Yelp is Being Shoved Down my Throat

A study in “push” vs “pull”

Recently, we’ve all had a bit of a Yelp overload; Talia Jane wrote a Medium article that sparked an internet feud (don’t worry; this article doesn’t focus on the piece). But, there’s more to this ‘Yelp overload’ story for me. Two weeks prior, I interviewed on-site with Yelp for a Product Manager position. To prepare, I did a ton of research on the firm and asked 2 business owner friends of mine for access to their Yelp business page (that is, what Yelp looks like if you own a business) to learn more about its product offering.

I wish I could say that this Talia Jane article and the interview/interview prep are all that constituted my Yelp overload, but I’d be terribly wrong. You see, due to my research and accessing a Yelp business page, I have been targeted with Yelp advertisements. They’re everywhere.

Here’s a Yelp ad:

Here’s another one:

And another one. Another one. And another one. And another one.

I’ve been getting these same advertisements now for over 6 weeks. I never get upset about ads I receive online, but then again I’ve never seen any campaign so brutally pushed onto me — so heavily shoved down my throat. I haven’t gone a single day since without seeing less than 4 of these ads. In the beginning, I would get these advertisements on at least 1 out of every 5 web pages I’d visit. It was unreal.

Retention, Talia Jane, and Ads — It’s All Connected

There’s a reason to this madness, and Talia Jane’s article along with these insufferable Yelp ads are more connected than might meet the eye.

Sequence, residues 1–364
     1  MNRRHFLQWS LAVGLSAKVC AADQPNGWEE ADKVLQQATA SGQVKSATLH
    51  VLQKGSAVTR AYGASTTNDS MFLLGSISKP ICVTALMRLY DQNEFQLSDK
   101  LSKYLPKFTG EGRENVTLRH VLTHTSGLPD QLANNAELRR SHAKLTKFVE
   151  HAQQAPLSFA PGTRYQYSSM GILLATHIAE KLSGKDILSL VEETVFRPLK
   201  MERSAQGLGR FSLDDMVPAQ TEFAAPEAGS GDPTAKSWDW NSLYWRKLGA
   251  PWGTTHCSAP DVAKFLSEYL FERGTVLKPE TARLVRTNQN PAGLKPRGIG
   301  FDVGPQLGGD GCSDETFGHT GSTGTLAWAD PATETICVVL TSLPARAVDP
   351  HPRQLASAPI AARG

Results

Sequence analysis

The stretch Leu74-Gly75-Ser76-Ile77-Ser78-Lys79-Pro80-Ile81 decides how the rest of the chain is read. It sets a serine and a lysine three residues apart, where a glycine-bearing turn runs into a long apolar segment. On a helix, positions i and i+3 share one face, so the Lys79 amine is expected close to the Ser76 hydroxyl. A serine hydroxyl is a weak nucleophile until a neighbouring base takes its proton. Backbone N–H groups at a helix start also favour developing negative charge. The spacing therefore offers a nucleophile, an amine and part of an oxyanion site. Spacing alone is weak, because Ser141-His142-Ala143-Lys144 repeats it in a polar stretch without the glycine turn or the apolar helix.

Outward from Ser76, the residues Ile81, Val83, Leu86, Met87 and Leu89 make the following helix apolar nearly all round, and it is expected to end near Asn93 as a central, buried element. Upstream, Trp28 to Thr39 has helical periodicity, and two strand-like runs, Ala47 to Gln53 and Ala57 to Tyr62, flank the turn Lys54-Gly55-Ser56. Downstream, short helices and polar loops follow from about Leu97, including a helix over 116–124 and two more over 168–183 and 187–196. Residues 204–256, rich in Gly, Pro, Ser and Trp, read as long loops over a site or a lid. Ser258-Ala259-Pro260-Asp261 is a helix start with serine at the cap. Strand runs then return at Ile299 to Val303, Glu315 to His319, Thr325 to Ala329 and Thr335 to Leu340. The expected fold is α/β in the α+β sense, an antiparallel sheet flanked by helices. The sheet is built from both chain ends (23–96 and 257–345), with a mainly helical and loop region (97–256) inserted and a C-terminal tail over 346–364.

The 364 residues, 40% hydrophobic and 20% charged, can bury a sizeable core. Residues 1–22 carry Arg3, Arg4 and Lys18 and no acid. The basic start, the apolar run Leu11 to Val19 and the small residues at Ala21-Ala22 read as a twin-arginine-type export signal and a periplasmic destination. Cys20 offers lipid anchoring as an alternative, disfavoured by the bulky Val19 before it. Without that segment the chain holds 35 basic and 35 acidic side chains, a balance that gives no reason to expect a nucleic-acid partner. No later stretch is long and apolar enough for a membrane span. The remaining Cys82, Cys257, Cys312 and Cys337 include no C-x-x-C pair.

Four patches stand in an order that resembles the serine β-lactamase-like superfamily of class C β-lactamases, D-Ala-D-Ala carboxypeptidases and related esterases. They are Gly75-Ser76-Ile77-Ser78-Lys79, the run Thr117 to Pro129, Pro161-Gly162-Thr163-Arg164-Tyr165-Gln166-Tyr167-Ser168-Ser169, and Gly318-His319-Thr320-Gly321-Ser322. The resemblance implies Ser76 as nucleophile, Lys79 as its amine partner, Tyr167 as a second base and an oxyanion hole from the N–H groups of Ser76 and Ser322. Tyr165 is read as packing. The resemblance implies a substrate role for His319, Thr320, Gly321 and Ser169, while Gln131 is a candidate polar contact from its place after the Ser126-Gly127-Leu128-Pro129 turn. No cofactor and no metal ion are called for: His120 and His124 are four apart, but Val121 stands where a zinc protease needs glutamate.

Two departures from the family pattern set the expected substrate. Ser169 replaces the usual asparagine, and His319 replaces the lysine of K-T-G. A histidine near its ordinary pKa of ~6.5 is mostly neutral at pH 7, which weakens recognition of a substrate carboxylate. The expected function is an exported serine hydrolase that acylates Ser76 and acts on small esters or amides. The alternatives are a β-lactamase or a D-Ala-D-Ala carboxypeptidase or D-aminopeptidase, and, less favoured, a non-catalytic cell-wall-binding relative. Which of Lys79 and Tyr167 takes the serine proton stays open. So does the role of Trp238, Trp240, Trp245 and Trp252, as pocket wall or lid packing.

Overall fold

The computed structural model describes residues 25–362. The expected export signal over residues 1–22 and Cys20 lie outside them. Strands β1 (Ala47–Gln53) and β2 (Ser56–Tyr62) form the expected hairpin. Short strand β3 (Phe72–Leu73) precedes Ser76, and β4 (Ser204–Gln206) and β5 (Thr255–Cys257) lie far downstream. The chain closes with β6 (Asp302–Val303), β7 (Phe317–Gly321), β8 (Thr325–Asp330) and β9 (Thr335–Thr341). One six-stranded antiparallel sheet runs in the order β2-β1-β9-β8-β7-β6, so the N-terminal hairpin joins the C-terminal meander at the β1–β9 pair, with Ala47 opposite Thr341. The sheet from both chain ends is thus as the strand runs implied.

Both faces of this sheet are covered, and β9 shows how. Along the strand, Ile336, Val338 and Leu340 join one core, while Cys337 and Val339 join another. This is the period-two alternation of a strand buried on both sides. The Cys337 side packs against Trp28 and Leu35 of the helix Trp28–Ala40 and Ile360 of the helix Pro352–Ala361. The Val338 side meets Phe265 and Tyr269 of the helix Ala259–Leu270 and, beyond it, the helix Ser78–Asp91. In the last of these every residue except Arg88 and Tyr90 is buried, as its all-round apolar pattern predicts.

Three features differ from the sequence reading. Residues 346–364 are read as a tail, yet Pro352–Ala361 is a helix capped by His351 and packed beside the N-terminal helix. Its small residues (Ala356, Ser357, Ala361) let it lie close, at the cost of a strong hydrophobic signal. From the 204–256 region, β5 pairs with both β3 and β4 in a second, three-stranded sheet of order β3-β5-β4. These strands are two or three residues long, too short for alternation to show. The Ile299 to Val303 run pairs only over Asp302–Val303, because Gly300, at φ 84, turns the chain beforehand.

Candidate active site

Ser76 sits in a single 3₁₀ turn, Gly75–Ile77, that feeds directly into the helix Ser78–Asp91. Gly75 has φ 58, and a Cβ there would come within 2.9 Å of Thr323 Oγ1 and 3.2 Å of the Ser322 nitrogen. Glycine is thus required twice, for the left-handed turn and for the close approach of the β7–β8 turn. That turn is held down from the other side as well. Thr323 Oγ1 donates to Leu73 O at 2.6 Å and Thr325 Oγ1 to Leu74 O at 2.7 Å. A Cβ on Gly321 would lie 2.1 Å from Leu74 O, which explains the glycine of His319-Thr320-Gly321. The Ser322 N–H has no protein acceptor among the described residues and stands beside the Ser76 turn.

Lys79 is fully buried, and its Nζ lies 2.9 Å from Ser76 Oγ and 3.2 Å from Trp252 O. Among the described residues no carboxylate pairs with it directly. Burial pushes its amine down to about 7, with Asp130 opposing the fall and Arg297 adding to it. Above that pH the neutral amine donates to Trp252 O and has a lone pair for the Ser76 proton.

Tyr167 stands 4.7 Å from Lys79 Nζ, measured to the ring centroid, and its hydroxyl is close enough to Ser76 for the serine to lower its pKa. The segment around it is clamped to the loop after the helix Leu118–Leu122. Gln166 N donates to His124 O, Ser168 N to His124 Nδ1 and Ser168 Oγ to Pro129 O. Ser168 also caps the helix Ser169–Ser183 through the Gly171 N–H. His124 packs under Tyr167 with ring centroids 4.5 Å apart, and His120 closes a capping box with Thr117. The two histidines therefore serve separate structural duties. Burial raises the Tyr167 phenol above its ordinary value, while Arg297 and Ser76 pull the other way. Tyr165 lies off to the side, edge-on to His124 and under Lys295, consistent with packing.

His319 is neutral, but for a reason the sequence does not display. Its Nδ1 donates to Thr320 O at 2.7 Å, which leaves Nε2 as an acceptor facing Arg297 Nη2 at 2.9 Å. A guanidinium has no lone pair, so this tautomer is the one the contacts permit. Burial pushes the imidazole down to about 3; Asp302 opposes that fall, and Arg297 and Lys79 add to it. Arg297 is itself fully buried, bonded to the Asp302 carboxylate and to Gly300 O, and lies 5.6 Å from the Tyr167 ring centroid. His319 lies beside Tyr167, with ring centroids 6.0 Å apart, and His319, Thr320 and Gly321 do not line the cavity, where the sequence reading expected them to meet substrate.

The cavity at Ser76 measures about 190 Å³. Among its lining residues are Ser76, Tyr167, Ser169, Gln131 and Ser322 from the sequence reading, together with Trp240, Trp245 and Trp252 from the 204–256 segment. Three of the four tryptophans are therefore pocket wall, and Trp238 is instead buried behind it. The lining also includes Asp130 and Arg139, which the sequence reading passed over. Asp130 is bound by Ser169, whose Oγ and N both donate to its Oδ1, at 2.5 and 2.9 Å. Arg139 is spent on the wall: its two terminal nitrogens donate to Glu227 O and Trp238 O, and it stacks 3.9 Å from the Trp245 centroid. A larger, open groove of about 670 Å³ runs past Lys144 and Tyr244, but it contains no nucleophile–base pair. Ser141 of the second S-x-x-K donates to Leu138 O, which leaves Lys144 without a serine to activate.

It’s no secret that Yelp hasn’t been performing well. It’s had challenges turning a profit. There are several reasons why, but here are some big ones:

  • Yelp has trouble attracting new business customers to pay for advertisements and promoted pages on its site. Less than 1% of business owners are currently paying for these services, which isn’t enough for the service to be profitable. Furthermore, Yelp has trouble persuading business owners to continue paying subscriptions for these services.
  • Yelp is trying to grow to many international markets and grow revenue there, but has ‘little to show for its efforts’ as these markets affected ~2% of its revenue last quarter.
  • The firm has fast-rising sales and advertising costs in hiring and maintaining a large sales force, which Yelp attributes its lower-than-expected revenue from the past few quarters to.

Yelp is “Pushing” it.

All I was trying to do was watch Messi highlights :(

All this is to say: Yelp is in the “push” mindset.

Yelp’s answer for a better business has been to massively scale up sales, advertising, and marketing efforts. Look no further than Talia Jane’s article; if we are to believe her accounts, Yelp is working the sales team hard to reach more and more business owners (Talia claims her team often worked overtime and weekends to do so). From my online experience, I see that Yelp is bombarding business owners (remember, I accessed my friends’ Yelp business portal from my laptop, leading the firm to believe I’m a business owner) with opportunities to subscribe/renew Yelp advertising services. I can see how this is annoying to many end users — these ads, quite frankly, suck, and I cannot imagine many calls from sales associates to business owners being much better.

Talia Jane, these annoying ads, entering new international markets, high turnover in talented sales associates at Yelp…Yelp is pushing their product to new and existing business clients, and it isn’t working.

Pull Me In!

“Pull” before you can “Push”

Yelp has it backwards. Instead of beefing up their sales, marketing, and advertising budget, I’d love the company to focus on what I deem it to be its core mission: building a product to minimize information asymmetry between consumers and businesses, and consequently, provide businesses with information to better serve consumers.

Yelp needs to focus on making people want to use their service and want to pay for their ads/promoted pages. Only then — when people are naturally being “pulled” into a service — does a “push” methodology (like the one Yelp currently is in the midst of) work.